Why do we live under a monopoly? by George for Barbarous Relic
The World Wide Web gives us eyes. With these eyes we can see past the usual gatekeepers and read commentaries exposing government for its never-ending egregious actions. We see in these articles a hint of the nightmare world of 1984
, with a suggestion that we could end up there if we do nothing but read.
But I find one thing wrong with these accounts: For all their insights, there is rarely a mention of government’s inherent criminality. Instead, the authors elaborate on the latest government atrocities and leave it at that, with an occasional comment that if we returned to our constitutional roots none of this would happen.
But we were once at our constitutional roots and these things are happening. It is the roots that are flawed. As Lysander Spooner wrote
But whether the Constitution really be one thing, or another, this much is certain — that it has either authorized such a government as we have had, or has been powerless to prevent it. In either case, it is unfit to exist.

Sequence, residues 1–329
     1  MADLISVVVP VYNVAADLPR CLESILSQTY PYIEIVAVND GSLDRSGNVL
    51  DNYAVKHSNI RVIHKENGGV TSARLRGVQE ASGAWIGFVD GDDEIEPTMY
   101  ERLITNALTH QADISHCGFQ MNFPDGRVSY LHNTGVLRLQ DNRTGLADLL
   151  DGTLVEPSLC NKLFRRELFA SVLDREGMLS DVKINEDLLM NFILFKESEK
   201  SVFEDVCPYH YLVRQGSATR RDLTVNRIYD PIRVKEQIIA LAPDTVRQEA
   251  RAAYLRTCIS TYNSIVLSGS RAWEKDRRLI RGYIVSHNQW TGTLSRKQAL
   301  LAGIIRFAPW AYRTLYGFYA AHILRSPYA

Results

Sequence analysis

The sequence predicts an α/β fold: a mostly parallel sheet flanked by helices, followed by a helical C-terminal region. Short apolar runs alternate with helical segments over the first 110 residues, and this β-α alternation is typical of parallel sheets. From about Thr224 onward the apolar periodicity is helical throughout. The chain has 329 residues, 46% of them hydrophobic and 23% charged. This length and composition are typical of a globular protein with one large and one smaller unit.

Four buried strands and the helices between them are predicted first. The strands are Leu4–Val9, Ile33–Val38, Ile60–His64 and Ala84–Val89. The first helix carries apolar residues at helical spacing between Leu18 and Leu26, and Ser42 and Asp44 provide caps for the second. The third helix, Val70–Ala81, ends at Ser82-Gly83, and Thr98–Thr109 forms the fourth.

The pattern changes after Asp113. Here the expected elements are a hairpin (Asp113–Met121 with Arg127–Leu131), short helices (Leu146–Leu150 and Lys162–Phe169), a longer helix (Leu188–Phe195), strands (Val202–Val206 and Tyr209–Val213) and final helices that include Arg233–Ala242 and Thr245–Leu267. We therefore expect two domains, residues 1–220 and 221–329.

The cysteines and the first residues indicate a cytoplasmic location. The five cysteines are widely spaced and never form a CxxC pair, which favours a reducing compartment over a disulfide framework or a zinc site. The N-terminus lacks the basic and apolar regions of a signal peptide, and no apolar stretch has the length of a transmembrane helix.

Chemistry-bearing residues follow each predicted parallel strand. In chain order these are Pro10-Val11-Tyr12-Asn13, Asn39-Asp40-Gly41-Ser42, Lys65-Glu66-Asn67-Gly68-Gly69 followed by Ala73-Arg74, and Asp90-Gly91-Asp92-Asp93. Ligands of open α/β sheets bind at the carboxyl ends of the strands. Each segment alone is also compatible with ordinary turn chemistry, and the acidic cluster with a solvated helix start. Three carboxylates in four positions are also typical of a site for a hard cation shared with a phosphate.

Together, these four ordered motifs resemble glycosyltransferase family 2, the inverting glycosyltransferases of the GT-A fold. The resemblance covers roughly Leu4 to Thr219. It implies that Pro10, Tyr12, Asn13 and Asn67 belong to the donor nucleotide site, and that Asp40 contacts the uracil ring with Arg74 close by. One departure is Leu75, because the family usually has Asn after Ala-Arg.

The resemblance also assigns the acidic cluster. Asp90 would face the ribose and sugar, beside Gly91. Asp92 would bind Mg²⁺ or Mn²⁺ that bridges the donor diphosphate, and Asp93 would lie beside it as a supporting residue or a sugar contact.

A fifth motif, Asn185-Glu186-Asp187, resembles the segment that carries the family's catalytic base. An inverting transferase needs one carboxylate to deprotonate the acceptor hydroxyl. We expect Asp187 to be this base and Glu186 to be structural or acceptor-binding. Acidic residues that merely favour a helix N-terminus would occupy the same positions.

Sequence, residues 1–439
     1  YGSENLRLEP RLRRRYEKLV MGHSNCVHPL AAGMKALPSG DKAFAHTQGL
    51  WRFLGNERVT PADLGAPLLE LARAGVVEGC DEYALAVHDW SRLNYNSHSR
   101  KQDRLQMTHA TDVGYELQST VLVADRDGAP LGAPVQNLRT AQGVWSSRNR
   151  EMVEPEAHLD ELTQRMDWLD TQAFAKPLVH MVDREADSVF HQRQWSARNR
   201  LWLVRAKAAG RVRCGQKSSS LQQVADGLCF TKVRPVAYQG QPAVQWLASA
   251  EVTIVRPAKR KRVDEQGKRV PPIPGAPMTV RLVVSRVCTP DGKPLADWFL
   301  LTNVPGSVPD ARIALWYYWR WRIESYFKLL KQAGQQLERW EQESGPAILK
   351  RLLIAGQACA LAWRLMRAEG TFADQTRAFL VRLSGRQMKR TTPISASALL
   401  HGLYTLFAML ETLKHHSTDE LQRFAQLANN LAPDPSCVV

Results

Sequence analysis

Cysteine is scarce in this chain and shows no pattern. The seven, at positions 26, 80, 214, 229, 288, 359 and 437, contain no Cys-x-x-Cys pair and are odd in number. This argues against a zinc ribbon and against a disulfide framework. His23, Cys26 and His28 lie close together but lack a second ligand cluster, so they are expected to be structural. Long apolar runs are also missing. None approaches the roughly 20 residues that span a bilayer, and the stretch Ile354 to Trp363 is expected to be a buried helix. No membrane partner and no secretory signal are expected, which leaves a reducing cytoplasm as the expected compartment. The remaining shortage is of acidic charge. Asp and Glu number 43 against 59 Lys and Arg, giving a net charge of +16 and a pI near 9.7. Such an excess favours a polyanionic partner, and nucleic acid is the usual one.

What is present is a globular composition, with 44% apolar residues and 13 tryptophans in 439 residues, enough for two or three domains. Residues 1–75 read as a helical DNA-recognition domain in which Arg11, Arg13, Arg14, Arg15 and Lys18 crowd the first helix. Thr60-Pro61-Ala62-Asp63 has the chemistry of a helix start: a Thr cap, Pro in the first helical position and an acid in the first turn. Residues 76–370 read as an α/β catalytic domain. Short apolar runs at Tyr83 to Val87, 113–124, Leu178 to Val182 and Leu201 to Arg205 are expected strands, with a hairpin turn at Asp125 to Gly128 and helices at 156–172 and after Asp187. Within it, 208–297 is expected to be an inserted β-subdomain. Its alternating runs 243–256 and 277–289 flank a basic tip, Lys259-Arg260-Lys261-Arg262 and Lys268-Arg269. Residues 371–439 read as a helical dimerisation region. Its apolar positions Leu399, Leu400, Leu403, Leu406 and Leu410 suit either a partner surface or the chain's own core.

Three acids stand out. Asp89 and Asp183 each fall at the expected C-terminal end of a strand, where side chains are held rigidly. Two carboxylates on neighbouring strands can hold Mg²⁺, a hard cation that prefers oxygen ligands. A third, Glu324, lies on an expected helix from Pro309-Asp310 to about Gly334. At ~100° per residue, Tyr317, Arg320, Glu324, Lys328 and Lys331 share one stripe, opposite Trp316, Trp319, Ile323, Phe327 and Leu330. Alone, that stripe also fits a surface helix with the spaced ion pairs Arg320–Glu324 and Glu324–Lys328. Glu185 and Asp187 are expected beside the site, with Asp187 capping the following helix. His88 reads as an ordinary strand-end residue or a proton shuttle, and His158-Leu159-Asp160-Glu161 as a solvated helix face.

Thus, for example, we read about the FED’s current monetary stance, whether it’s good or bad for the economy. Have we lost the concept of monetary freedom? That in a free world there would be no FED and no monetary policy? That the easily-inflatable digits forced on us as a medium of exchange serves the interests of a privileged elite at our expense? That the FED’s inflationary prowess has augmented the funding of foreign “adventures” that leave endless wreckage and death in their wake, while stuffing the bank accounts of warmongers? That it’s equated saving with self-immolation? That the counterfeiting FED is made possible by a government that’s criminal by design?
Flawed from the start
Governments as they exist are built on a criminal framework: a legal monopoly on violence over the territory they claim to rule. Such institutions are called states. Governments and states are not necessarily the same, but today’s governments are
states. They are not free market entities. We cannot deal with a state under which we live as we might deal with a private company. If Apple’s iPhone upsets me, I can go to Samsung; if not Samsung, LG or Huawei. If they all upset me, I can do without a smartphone. I have choices. If the state’s institutionalized thief
upsets me, tough; if I resist the only outcomes are fines, prison or death. States are the antithesis of civilization.